Have you ever hiked a wild beach? This primitive sandy trek offers the perfect opportunity. Start your hike at Assateague Island's North Ocean Beach, quickly leaving the sun worshippers behind. Travel any length of 12 oceanfront miles extending to Virginia, with the song of waves drifting into your ears as you follow the curve of the shoreline. Bring a hat, sunglasses, and sunscreen for walking this untamed sliver of land. Beyond hiking, this oceanside jaunt includes beachcombing for abundant shells and dolphin-watching. Birders, bring your binoculars. Look for four-legged land creatures, too, since wild ponies and deer roam Assateague, especially on the tree-dotted bay side. Avoid walking on the dunes and avoid the mid-summer—biting insects can prove troublesome then. Be apprised that walking on sand can be exhausting. Try to find firmer crystals near the water. And lastly, hike as far as you please, but allow ample time for your trek back, or plan on an overnighter.
Check out our profile of the trails in Assateague Island National Seashore—and add to them—in our Trail Finder Wiki
2. Rocky Mountain Loop
10.1-mile loop in Shenandoah National Park, VA
This scenic but longish circuit brims with multiple highland overlooks and intimate streamside scenery, all on a national-park scale. Start on Brown Mountain Trail, passing over Rocky Mountain to meet Shenandoah National Park's largest watercourse, Big Run, and then follow Big Run back into the high country. The hike leaves Brown Mountain Overlook at milepost 76.9 on Skyline Drive. Brown Mountain Trail emerges at a giant quartz outcrop at mile 1.6, where the crest of the Blue Ridge Mountains and Brown Mountain stand across the gulf of Rocky Mountain Run. Then switchback among pine and mountain laurel down the face of Brown Mountain while absorbing views of Rocky Mountain, Rockytop, Big Run, Massanutten Peak, and the Shenandoah Valley. At mile 4.9, the white noise of Big Run, a classic Appalachian stream, resonates from below. Pick up Big Run Portal Trail, rock-hopping Big Run numerous times. Join Rocky Mountain Run Trail at mile 6.7. Step over Rocky Mountain Run twice. The trail steepens before returning to Brown Mountain Trail at mile 9.5. Then backtrack a half-mile to Skyline Drive.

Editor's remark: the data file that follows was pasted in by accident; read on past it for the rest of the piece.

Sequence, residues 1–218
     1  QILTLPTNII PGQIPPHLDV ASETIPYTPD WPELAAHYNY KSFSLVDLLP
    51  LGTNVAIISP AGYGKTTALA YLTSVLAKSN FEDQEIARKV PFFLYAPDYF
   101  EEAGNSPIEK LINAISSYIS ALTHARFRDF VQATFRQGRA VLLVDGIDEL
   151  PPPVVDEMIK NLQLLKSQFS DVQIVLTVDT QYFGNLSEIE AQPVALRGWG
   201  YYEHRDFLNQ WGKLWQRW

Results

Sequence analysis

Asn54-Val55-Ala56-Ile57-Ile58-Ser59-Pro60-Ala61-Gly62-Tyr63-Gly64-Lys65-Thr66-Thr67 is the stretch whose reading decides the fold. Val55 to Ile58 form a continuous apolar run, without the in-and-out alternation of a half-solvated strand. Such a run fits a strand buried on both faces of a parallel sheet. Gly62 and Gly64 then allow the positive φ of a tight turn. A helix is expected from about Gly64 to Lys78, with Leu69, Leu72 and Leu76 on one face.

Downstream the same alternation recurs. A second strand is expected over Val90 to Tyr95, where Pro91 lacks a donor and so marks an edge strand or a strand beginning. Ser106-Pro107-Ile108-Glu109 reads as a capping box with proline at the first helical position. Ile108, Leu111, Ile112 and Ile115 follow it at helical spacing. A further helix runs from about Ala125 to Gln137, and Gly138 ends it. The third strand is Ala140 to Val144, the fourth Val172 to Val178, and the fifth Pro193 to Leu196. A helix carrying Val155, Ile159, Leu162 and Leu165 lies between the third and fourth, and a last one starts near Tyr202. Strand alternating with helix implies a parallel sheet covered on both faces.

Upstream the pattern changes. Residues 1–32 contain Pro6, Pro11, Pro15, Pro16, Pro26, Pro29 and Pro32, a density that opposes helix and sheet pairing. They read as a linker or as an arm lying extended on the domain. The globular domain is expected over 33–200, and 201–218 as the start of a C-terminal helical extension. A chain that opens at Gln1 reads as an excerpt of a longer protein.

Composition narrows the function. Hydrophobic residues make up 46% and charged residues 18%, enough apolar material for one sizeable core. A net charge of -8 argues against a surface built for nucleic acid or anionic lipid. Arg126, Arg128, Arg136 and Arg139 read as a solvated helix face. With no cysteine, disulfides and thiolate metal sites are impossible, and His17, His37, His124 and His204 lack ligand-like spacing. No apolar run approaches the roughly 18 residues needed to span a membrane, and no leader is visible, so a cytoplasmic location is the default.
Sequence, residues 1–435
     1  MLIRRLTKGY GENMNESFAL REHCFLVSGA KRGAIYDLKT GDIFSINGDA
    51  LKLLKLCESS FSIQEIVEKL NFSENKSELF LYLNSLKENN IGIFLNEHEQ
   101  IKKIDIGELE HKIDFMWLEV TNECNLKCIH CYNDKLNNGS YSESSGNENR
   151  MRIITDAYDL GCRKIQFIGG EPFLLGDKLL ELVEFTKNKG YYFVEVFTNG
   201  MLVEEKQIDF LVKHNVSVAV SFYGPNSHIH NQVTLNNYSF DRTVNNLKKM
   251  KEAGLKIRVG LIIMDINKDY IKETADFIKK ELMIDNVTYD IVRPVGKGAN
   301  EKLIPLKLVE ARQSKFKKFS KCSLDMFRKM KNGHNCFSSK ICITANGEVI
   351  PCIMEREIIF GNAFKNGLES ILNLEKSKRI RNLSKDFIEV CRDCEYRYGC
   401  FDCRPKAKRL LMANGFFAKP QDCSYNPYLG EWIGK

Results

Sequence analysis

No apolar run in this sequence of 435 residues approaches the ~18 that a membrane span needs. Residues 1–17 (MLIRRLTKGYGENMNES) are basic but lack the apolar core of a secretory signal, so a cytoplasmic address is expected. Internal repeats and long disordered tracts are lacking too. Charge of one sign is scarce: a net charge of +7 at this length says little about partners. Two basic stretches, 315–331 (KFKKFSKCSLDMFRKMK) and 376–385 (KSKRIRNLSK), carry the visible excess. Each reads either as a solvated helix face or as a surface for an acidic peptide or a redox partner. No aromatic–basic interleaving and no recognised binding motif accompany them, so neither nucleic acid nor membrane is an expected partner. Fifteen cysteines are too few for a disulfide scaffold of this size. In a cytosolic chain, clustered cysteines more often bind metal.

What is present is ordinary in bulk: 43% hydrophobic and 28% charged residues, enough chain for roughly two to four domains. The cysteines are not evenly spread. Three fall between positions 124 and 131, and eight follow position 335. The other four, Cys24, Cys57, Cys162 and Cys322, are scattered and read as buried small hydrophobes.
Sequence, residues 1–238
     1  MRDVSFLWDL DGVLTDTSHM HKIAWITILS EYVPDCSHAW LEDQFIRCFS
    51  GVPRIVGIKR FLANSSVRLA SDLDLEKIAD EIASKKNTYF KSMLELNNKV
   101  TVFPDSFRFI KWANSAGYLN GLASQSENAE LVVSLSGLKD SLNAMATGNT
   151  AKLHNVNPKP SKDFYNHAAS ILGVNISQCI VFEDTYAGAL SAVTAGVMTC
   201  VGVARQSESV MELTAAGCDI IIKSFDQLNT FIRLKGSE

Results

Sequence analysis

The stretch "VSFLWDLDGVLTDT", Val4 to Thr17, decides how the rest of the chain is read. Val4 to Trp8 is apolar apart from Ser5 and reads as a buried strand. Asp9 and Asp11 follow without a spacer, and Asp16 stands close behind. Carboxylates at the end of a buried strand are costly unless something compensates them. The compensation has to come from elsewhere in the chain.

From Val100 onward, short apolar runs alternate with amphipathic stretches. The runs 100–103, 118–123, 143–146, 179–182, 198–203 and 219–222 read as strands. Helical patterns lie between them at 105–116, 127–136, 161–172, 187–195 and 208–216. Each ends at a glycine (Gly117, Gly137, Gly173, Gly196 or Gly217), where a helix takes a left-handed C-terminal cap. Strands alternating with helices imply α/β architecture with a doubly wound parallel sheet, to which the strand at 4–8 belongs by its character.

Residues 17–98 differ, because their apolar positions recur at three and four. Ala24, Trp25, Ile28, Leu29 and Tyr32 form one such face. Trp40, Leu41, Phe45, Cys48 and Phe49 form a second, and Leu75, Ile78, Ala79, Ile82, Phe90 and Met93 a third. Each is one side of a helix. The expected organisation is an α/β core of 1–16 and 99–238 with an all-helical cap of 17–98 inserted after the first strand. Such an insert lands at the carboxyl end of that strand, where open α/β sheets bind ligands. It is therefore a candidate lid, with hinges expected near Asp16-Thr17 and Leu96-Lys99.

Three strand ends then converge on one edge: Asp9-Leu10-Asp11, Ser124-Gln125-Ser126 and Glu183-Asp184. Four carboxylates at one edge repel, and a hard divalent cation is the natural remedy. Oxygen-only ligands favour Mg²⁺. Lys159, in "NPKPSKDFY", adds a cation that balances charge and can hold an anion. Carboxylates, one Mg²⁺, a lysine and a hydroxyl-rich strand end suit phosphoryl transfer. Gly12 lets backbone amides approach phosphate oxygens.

1. First Peak Trail to Bearpen Trail
6-mile loop in Mount Rogers National Recreation Area, VA
The high country of Mount Rogers National Recreation Area is known for open meadows where wild ponies roam, rock ridges that afford rolling panoramas, and blueberry fields that attract bruins and backpackers alike—and we encourage you to pluck all the fruits this hike offers. It all starts at the Scales trailhead. Take First Peak Trail as it climbs through open meadows to a wide vista on Stone Mountain. Navigate a patchwork of clearings and woods, entering Little Wilson Creek Wilderness. The Kabel Trail leads you through a land of deep northern hardwood forests and tumbling mountain streams on a user-friendly old logging grade. Swing past Little Wilson Creek, still above 4,000 feet, before returning to open terrain on the Big Wilson Creek Trail. The Bearpen Trail visits a high-elevation bog before rejoining the open slopes of Stone Mountain with sweeping views of Pine Mountain and the high country stretching to the back of beyond. Occasional stone outcrops make mini-vista points of their own. Your final path is the Scales Trail, which leads you through more open rock and grass mountaintops before descending to the gap at Scales.